E-bikes can be gamechangers for kids who ride in areas where climbing uphill is a must. They can enable your child to ride at the same pace as an adult would uphill without the towing, pushing, or grumbling you may hear if your child is riding an acoustic (non-electric) bike. The goal should always be to help instill a lifetime love of riding and typically subjecting a young one to long or steep arduous climbs is not the way to do that. Kids ebikes help them overcome some of these obstacles and get them out there having more fun for longer periods.
Here are some frequently asked questions we often get from parents new to the ebike scene:
What Are The Different Types of eBikes?
Electric bikes come with a battery pack and small motor that can give you a gentle boost or enough power to conquer almost any type of hill whether it be steep or just long. Kids ebikes range from urban, mountain hard tail and full-suspension bikes.
The motor can either be found in the hub or in the pedal drivetrain itself (aka mid-drive motor). Because the mid drive is placed at the center of the bike it provides a balanced feel. A mid-drive motor will tend to have longer range. A hub drive motor is the most common type of motor on bikes. A hub drive directly applies extra torque to the wheel and is a great choice for any kid getting started. The weight of the motor can be balanced with the weight of the battery pack that sits toward the front of the bike. Hub drives can be found on many 26" and under kid mountain bikes.
Hub Drive on Mondraker Play 24
Can Kids Ride eBikes Safely?
Absolutely. Kids ebikes have settings to control the power. The motors stop assisting once the child hits a certain speed. The ebike with pedal assists functions like any other kids bike. A parent or legal guardian should always give a close watch as the child gets started and always obey local regulation regarding rider age, trail policies and age qualification.
Is It Powered Without Pedaling. Is There a Throttle?
The only kids bike with a throttle is the Mondraker Grommy balance bikes. All other electric assist kids bikes from Ready, Set, Pedal do not have a throttle. Pedaling is the only way to power the electric motor on a kids pedal bike.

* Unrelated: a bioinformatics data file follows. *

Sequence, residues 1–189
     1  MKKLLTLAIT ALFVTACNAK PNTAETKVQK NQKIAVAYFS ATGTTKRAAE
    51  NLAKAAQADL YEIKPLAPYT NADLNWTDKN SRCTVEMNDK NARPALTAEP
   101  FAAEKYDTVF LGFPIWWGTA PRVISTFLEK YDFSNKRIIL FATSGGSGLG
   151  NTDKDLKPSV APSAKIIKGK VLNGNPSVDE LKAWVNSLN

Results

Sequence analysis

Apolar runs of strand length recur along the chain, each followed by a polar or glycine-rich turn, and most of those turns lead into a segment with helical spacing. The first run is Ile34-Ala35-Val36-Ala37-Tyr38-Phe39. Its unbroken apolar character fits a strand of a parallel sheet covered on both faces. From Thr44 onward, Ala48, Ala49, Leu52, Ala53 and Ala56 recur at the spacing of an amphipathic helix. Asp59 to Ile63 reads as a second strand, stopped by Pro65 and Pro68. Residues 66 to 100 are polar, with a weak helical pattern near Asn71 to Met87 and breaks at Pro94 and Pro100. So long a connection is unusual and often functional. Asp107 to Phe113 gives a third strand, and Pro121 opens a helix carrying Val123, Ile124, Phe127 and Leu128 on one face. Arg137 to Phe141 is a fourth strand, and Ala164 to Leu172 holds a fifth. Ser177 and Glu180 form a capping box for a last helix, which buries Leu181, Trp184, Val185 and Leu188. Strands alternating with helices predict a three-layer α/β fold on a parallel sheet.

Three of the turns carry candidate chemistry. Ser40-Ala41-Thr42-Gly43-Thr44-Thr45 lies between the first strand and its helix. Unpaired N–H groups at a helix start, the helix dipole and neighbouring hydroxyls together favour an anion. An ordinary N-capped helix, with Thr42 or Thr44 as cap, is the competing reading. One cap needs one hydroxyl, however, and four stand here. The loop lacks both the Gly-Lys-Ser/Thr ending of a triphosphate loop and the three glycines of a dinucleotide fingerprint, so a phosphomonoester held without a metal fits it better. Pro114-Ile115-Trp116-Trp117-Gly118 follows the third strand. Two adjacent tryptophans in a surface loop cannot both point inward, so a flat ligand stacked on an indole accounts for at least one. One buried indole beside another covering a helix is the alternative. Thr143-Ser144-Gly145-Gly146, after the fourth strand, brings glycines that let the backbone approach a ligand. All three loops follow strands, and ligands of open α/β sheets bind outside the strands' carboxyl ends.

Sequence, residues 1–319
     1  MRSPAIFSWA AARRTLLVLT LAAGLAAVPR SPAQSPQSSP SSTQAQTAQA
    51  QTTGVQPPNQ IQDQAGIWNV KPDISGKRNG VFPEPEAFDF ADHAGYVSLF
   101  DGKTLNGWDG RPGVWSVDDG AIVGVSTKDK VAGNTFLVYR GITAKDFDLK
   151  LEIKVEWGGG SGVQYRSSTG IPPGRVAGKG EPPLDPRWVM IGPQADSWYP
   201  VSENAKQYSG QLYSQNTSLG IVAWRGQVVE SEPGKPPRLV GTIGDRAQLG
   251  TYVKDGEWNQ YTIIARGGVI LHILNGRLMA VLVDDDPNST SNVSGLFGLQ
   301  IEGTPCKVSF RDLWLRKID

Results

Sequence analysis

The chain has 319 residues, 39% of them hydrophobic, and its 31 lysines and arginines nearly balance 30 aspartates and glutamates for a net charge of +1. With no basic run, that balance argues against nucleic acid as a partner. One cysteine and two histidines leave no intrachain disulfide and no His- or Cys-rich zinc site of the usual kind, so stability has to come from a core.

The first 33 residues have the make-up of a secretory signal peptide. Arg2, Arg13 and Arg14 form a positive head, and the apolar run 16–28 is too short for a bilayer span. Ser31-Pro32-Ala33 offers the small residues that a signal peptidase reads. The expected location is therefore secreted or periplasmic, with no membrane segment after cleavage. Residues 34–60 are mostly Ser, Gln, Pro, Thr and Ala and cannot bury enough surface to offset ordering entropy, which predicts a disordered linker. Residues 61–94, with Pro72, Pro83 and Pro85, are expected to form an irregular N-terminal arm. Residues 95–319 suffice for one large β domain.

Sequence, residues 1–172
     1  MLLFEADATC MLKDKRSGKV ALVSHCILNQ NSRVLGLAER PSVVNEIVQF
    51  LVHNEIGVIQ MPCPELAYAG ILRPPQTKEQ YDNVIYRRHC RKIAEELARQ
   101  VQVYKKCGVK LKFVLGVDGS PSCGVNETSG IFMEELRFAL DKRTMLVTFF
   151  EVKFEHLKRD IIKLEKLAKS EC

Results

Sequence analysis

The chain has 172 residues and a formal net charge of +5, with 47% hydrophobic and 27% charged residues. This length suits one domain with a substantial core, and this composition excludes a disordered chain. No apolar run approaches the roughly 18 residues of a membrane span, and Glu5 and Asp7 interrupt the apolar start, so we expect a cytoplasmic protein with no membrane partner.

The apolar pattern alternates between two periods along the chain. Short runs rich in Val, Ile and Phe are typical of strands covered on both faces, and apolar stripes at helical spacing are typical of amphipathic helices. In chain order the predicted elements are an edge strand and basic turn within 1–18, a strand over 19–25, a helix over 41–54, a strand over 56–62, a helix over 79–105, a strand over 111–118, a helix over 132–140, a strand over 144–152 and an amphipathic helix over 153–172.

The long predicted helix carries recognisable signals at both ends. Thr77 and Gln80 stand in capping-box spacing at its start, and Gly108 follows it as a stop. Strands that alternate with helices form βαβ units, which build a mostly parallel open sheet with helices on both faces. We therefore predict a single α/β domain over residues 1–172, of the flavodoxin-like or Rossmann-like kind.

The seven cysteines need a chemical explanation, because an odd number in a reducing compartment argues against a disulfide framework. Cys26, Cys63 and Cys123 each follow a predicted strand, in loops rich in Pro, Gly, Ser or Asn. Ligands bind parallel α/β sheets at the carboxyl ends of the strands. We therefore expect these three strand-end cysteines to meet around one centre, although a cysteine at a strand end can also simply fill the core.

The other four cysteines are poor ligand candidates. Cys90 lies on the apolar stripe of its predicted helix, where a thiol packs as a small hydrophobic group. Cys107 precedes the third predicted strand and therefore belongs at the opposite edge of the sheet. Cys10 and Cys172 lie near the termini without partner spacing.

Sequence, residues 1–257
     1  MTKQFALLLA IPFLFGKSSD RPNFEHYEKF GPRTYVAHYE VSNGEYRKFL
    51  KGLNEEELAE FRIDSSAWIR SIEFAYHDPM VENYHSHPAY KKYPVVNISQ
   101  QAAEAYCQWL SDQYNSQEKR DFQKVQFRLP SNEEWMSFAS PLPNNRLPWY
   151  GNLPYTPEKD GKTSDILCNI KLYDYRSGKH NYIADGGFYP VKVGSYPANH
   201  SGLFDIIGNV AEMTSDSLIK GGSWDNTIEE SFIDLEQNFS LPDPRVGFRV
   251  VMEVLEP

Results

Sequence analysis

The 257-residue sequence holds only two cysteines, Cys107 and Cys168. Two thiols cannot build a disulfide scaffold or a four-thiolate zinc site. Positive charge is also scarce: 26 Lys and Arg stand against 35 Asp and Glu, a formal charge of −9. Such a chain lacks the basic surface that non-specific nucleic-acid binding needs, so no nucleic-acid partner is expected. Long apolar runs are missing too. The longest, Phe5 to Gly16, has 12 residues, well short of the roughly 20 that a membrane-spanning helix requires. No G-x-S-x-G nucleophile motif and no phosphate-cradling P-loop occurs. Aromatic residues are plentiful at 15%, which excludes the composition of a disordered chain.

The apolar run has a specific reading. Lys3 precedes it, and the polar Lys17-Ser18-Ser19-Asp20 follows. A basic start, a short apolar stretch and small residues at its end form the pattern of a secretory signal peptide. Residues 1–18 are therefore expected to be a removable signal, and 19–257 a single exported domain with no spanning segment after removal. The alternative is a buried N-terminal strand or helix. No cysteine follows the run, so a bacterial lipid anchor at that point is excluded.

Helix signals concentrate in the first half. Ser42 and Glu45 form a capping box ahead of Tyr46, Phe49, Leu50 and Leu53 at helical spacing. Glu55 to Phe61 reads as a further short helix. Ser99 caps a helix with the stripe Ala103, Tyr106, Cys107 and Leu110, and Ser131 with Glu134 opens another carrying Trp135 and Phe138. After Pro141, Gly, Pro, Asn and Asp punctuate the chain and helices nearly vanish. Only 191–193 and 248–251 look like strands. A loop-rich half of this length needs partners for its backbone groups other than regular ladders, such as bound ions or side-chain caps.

How Fast Do They Go?
Pedal-assist kids ebikes can go as fast the kid pedals the bike. The motor has an internal point where it stops assisting. Usually, depending on the manufacturer and the bike and bike size the pedal assist ceases to assist around 10 mph.
How Long Does The eBike Battery Last?
Most ebike batteries are designed for roughly 800 charge cycles, which can last 6-7 years. The range will differ between different pedal assist models, but expect 10-30 mile range depending on the bike and the effort your kid is pedaling and the terrain.
What Kind of Maintenance Does an E-Bike Need?
All bikes require some service now and then and an e-bikes is no different. Most bike shops now are trained to service e-bikes like any other bike. Motors and batteries come with warranties. Keep your drivetrain clean and apply lubricant. A clean bike is a happy bike and electric bike chains tend to need more lubrication than a regular bike.
To improve the lifespan of the battery avoid leaving the battery fully charged or fully discharged for long periods. Extreme heat and cold are the enemies of batteries. Store your kids ebike inside in the winter time.
What eBikes Are Best For My Kid?
Ready, Set, Pedal carries several eBikes for kids and more are on the way.
- Size 20": The Mondraker Play 20" hardtails are on their way and retail starting at $2999.
- Size 24" The Mondraker Play 24" hardtails are on their way. The Mondraker F-Play 24 full-suspension are pre-order with a December 2022 delivery. The Commencal Meta Power 24 Hardtail is an amazing mid-drive ebike and is available at $3800.
- Size 26": The Mondraker 26" F-Play full-suspension is currently on pre-order.
- Adult Electric Bike for Mom and Dad. Electric adult bikes 27.5+ have better availability. You can see our entire 27.5" and 29" electric mountain bike lineup from Commencal and Mondraker here.